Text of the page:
No club football for nine years but Canavan was always going to make it work
For almost a decade of Peter Canavan's career, from under-12 all the way up to minor, he played no championship football.
A dispute in the parish we now know as Errigal Ciarán lasted for nine years and meant that youngsters and fully fledged senior players alike, missed out not only on the chance to represent their club, but to represent their county too.
Tensions were so high in the south Tyrone area that relatives wouldn't have spoken to each other. Once friends would have been sitting at the other end of the church...all because of football.
"There was a split in the club. And I was part of the breakaway club that tried to get affiliated with the county board," said Canavan on his GAA Hour tribute show.
"We weren't successful and tried for nine years. So for nine years, I wouldn't have played club football as such..."
— The GAA Hour (@TheGAAHour) May 10, 2020
Eventually, the club was reformed under its current guise Errigal Ciaran in 1990 and led by a group of men who wouldn't let the past define them, they became history makers and a club that is synonymous with Tyrone GAA's most successful period.
"To cut a long story short, under the direction of Cardinal O Fiaich, Fr Sean Hegarty was appointed a curate to the parish, with the remit of getting these people and getting this club sorted. He went to both sides and told us all what we wanted to hear, told us all a pack of lies but got the two sides talking again and the outcome was that the club was reformed, and was called after the parish Errigal Ciaran..."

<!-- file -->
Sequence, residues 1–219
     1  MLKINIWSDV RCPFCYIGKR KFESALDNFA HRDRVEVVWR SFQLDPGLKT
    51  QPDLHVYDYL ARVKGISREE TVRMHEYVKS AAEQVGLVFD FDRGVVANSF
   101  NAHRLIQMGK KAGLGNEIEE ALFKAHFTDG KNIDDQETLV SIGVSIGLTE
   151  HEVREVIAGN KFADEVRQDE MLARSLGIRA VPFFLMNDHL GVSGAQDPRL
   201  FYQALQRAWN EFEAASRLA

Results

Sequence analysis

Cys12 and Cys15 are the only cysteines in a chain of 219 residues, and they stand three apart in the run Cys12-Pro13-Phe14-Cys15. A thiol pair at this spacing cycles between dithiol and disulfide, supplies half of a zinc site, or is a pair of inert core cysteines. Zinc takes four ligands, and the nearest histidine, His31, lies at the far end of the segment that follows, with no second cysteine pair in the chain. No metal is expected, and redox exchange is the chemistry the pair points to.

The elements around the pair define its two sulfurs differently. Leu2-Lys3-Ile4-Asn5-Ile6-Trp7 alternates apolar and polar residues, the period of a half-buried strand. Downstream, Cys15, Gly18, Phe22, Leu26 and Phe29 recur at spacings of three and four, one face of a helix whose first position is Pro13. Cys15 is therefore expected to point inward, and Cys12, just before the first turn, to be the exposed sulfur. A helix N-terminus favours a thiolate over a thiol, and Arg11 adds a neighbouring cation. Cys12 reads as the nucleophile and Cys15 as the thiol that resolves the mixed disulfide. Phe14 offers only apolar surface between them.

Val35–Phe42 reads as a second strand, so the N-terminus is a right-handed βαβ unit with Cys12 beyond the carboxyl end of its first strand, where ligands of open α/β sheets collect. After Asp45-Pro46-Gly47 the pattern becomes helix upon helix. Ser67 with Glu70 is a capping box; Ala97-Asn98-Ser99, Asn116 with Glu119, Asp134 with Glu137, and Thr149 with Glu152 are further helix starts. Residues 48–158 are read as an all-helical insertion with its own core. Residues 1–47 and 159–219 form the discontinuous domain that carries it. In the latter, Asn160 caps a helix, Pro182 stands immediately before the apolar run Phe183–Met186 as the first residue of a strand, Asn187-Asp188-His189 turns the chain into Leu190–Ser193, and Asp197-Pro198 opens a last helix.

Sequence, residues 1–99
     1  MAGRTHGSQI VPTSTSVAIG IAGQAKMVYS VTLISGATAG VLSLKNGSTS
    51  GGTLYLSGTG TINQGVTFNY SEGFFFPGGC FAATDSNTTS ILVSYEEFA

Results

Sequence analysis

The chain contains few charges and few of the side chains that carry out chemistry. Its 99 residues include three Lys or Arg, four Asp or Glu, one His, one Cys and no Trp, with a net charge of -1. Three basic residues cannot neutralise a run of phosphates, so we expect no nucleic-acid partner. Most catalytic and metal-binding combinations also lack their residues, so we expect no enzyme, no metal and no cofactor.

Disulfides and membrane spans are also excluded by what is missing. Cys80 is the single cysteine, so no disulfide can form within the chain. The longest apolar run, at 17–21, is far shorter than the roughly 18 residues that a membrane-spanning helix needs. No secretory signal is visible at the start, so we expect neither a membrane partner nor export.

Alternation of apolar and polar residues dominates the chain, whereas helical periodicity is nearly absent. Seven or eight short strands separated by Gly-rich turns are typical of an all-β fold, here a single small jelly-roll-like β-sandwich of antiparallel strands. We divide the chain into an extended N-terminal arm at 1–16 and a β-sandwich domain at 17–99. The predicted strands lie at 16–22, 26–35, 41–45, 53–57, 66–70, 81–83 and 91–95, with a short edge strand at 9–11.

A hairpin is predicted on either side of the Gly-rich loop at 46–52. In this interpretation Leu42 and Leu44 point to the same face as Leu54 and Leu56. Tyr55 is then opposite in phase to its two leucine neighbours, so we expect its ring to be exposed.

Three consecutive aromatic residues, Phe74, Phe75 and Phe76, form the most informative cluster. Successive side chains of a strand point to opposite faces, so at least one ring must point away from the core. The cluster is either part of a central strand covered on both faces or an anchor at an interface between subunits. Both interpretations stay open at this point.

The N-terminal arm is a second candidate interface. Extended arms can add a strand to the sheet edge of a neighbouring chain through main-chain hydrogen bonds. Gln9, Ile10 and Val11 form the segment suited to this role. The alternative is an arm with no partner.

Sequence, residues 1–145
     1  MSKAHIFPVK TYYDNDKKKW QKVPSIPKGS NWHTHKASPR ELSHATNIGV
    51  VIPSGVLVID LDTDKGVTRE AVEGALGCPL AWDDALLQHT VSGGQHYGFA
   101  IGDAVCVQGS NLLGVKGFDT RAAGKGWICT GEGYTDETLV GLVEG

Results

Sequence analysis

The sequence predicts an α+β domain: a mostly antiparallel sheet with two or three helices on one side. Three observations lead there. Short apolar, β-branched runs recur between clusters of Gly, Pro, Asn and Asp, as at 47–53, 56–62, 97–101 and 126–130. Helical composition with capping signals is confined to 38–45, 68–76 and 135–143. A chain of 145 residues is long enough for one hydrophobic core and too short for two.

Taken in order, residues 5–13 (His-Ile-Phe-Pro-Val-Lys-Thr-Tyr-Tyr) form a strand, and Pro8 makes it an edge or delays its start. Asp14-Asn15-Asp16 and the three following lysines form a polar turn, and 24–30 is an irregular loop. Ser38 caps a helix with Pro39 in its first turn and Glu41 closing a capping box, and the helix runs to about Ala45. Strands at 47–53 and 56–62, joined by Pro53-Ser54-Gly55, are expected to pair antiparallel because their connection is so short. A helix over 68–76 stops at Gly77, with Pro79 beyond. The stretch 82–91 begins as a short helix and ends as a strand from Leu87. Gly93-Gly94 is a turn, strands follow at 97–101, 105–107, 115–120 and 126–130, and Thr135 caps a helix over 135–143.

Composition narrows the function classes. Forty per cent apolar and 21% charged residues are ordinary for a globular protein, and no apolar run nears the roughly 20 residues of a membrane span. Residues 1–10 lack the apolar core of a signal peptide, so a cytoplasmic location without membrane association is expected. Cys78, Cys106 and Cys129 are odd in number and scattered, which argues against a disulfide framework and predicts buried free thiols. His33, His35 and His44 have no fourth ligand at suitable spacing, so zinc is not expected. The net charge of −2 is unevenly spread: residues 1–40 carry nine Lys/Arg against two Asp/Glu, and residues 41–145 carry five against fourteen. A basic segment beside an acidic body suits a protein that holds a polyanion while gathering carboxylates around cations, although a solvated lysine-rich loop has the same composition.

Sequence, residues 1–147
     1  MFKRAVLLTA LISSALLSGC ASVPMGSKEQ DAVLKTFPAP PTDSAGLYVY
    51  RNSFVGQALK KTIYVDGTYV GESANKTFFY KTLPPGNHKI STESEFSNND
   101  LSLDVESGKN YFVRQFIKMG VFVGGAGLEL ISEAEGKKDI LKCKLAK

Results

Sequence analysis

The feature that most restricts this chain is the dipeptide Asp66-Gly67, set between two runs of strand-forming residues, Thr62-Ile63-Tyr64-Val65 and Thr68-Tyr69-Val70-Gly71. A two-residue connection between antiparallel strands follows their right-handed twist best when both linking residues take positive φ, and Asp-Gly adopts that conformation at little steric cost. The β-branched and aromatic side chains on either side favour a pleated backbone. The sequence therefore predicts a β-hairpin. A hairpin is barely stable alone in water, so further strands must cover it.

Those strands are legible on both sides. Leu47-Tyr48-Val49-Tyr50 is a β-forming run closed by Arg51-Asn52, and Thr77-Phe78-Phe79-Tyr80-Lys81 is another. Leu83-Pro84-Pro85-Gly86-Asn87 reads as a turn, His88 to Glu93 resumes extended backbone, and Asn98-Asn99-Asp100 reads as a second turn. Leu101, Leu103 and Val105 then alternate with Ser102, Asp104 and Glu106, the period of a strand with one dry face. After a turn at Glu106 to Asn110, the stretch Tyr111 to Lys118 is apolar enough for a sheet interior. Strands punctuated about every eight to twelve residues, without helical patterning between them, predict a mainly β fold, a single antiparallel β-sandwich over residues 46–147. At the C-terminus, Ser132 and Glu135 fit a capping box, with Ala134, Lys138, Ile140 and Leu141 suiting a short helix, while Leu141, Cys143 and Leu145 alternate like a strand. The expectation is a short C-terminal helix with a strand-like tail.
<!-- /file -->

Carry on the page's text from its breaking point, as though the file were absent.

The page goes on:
Nobody is more synonymous with this success than Canavan, their gold carat forward who explained how he used the time away from games to his advantage, rather than to his hindrance.
He lived for the school matches he was allowed to play. He dreamed and practiced.
"We had a local pitch down beside us and that was my theatre of dreams, that was my Croke Park. There was big bank behind the goals and I went down every day imagining I was Mikey Sheehy kicking the ball over the bar in an All-Ireland final. It gave me ample opportunity to practice the skills of the game...
"So look, they were still good times. We didn't have huge numbers but we trained, we had tournaments and challenge games. It's something I would say now that there are youngsters who have too many training sessions... and then they don't have the time to go down to the pitch and practice on their own skill-set. As a result, our game has become a little bit regimented at an earlier age..."
At a time like the current, with GAA games off and with time on our side, it underlines the opportunity we all have to improve our own game.
"In first or second year, I didn't make the team. The manager said I was too small, he wanted to play the bigger lads. I didn't take it too well but I said right, I'm going to prove this myself wrong. I'm not going to make myself any bigger, but I certainly can make myself more skilful...And I had no shortage of time to practice.
"After that, there was a rejuvenated group. A really focused emphasis towards football. It gave us an indication of how important football was to the people here. As a result, the club went on and won their first county title in '93 and went onto become the first Tyrone club ever to win Ulster.
On top of that, Canavan is the player who inspired Tyrone to All-Ireland glory. And another Errigal Ciaran man, a man by the name of Mickey Harte is the one who led the way.
You can listen to The GAA Hour's Canavan tribute show here.